Computers

Will Microsoft redefine the industry with Windows 8 and the Surface Pro?

Will Microsoft redefine the in...
Microsoft's Surface Pro tablet powered by Windows 8 marks a shift in the computing industry
Microsoft's Surface Pro tablet powered by Windows 8 marks a shift in the computing industry
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Microsoft's Surface Pro tablet powered by Windows 8 marks a shift in the computing industry
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Microsoft's Surface Pro tablet powered by Windows 8 marks a shift in the computing industry
Microsoft's Surface tablet
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Microsoft's Surface tablet
OS X Mountain Lion Notifications Center
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OS X Mountain Lion Notifications Center
OS X Lion's Launchpad
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OS X Lion's Launchpad

Windows 8 represents a big change for Microsoft’s industry leading OS. It breaks from tradition by doing away with the long serving Start button and replacing it with a tile-based and touch-friendly Metro UI. While this move has widely polarized opinion, especially in the enterprise sector, it does represent a major trend across the industry, with mobile-tablet operating systems becoming more and more closely related to their laptop and desktop counterparts. This trend is personified by Microsoft’s in-house tablet, the Surface Pro.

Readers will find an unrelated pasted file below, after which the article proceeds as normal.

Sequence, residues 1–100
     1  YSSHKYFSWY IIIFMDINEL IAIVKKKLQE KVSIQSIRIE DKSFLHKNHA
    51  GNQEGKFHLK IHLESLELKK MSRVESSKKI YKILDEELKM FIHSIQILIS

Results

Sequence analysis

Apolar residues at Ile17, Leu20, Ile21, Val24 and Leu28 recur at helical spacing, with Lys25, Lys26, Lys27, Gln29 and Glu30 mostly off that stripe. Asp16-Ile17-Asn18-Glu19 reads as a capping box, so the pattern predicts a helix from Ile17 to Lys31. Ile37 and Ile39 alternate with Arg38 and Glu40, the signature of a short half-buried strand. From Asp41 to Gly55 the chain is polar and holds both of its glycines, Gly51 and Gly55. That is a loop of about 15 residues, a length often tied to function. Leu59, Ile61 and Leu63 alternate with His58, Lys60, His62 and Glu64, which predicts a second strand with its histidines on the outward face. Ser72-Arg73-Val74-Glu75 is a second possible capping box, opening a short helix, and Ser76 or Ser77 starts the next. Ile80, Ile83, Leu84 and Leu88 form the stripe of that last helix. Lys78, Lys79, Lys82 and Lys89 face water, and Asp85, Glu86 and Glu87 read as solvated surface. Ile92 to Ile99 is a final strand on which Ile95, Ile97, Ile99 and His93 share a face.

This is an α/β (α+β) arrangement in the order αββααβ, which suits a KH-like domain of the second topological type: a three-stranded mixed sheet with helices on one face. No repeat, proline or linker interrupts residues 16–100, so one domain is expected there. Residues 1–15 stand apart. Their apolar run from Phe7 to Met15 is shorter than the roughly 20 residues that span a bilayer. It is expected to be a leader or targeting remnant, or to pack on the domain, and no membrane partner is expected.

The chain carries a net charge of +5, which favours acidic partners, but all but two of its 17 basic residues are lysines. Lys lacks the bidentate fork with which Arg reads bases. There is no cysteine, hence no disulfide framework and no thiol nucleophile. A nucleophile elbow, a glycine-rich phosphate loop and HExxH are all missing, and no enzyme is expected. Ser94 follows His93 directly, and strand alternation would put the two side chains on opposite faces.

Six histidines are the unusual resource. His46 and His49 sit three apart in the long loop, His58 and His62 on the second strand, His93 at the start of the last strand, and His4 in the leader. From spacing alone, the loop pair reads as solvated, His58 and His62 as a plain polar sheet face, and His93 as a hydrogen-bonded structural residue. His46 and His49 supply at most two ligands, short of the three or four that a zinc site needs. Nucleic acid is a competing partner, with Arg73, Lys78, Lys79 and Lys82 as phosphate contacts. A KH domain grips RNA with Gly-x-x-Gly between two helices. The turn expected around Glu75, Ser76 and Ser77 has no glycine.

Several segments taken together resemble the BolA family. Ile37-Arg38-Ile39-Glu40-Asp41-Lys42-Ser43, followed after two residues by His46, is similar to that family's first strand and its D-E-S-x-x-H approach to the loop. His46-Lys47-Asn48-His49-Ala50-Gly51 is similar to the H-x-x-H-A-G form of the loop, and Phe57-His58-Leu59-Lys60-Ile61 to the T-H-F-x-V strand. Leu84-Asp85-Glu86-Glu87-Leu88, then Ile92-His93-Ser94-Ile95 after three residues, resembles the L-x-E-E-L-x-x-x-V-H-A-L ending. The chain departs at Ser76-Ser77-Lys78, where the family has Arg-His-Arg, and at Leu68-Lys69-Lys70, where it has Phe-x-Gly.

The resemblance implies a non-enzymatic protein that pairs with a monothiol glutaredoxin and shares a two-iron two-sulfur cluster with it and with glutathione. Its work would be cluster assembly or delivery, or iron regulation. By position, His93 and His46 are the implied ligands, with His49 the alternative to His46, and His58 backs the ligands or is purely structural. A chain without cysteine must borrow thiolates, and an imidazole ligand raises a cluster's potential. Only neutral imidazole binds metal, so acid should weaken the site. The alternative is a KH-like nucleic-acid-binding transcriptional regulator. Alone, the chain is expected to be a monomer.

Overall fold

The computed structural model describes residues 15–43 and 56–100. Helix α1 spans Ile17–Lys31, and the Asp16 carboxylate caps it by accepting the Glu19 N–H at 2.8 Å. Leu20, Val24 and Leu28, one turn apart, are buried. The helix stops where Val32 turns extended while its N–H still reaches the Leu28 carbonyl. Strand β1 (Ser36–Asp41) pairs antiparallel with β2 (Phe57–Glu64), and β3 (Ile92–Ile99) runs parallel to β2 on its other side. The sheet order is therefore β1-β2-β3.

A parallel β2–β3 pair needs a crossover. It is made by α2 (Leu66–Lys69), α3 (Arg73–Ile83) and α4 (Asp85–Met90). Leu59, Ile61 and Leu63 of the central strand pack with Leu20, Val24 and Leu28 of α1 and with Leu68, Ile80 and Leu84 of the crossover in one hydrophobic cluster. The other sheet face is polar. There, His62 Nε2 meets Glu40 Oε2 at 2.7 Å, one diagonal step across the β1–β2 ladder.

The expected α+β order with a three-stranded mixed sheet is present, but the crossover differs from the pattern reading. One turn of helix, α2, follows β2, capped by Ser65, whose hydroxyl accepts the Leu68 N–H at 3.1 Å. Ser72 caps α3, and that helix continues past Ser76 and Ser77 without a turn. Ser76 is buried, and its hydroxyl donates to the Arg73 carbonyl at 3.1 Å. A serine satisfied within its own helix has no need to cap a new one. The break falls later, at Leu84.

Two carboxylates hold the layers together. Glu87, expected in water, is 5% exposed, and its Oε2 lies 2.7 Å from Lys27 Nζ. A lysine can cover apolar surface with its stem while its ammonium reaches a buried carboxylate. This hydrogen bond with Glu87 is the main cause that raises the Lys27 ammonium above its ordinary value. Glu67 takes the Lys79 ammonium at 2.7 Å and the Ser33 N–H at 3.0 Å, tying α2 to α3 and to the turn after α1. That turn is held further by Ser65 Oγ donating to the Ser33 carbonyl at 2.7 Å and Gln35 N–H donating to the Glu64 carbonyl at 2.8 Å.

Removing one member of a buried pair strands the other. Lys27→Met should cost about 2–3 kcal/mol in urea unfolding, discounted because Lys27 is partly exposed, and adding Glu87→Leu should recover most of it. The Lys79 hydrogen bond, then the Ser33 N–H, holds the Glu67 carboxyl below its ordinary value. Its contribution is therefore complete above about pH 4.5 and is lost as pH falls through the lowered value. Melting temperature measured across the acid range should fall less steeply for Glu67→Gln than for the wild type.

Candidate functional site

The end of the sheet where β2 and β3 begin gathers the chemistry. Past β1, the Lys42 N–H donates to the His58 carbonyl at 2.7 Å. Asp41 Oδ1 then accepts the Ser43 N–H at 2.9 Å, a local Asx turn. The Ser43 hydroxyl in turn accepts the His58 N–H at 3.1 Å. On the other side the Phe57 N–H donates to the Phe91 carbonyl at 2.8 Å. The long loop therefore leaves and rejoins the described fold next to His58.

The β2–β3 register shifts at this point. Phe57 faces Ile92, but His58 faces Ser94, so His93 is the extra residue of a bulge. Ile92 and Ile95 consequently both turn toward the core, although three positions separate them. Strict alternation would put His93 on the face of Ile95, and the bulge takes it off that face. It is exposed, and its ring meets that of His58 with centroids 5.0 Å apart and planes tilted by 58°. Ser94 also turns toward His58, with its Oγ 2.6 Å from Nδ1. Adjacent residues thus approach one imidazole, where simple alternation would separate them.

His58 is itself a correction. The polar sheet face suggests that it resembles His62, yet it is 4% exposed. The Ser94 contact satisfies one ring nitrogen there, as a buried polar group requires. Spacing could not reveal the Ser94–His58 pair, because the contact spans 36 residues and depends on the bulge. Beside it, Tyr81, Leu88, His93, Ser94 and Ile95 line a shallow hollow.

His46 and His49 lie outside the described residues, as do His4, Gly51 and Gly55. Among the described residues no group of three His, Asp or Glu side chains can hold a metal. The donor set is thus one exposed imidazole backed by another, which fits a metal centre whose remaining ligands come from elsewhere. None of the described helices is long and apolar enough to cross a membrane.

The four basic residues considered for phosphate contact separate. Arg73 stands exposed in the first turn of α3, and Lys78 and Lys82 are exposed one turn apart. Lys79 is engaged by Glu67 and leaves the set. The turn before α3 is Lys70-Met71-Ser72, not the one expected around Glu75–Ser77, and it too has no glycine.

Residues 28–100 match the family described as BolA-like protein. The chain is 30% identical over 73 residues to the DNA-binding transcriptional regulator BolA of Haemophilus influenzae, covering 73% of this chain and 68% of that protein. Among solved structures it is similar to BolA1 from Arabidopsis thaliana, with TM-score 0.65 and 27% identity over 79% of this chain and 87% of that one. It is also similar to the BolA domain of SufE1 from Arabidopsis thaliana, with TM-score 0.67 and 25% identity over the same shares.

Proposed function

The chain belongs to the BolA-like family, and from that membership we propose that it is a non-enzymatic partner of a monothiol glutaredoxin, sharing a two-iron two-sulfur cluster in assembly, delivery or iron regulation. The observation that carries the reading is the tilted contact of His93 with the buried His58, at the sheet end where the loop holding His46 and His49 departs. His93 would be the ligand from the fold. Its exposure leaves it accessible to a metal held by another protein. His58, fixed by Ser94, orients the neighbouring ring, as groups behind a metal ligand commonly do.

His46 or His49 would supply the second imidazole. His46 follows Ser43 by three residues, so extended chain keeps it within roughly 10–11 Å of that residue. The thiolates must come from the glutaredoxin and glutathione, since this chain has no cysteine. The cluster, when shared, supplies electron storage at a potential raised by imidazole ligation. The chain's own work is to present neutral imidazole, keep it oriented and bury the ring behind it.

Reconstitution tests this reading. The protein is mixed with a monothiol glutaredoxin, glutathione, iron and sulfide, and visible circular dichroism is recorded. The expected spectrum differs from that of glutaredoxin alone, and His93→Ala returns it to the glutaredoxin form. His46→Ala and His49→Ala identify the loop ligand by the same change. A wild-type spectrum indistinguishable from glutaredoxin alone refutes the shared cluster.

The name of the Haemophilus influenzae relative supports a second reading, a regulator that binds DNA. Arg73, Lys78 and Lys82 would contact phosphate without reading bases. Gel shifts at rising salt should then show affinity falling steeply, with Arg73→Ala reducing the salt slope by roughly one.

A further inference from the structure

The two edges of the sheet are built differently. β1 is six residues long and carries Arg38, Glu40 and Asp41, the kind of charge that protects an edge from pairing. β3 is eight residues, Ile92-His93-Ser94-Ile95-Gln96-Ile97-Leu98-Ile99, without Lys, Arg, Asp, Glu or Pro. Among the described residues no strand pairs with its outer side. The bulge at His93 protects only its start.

Windows hasn't gone through a change like this since the introduction of XP in 2001. So why now? In short: the iPad. Cupertino's all powerful tablet changed everything. It not only created a new market in consumer electronics, but it changed the course of the entire industry, an evolution that's only now beginning to be realized.

Microsoft's Surface tablet
Microsoft's Surface tablet

Looking at Windows 8 from a purely software point of view, the influence of the iPad is clear; the Start screen on the new UI is built for touch input. It may play nicely with a traditional mouse and keyboard set-up but it's clear that the entire OS was built from the ground up with our fingers in mind. Switch on a Windows 8 device and you'll be greeted with what looks more like an Android tablet lock screen than the traditional user selection affair we're used to from Redmond.

Swiping past this screen brings you to the familiar password screen. Tap in your password and Start screen's Metro UI will fill up with tiles before your eyes. Watching the buttery smooth animation, you might forget for a moment that you're using Windows at all. These tiles are like a hybrid of icons and widgets. They vary in size and many of them are live, displaying information such as weather, stocks or whatever else you might need. Click one and you're taken to full screen, detailed and interactive apps that rival anything Apple puts out.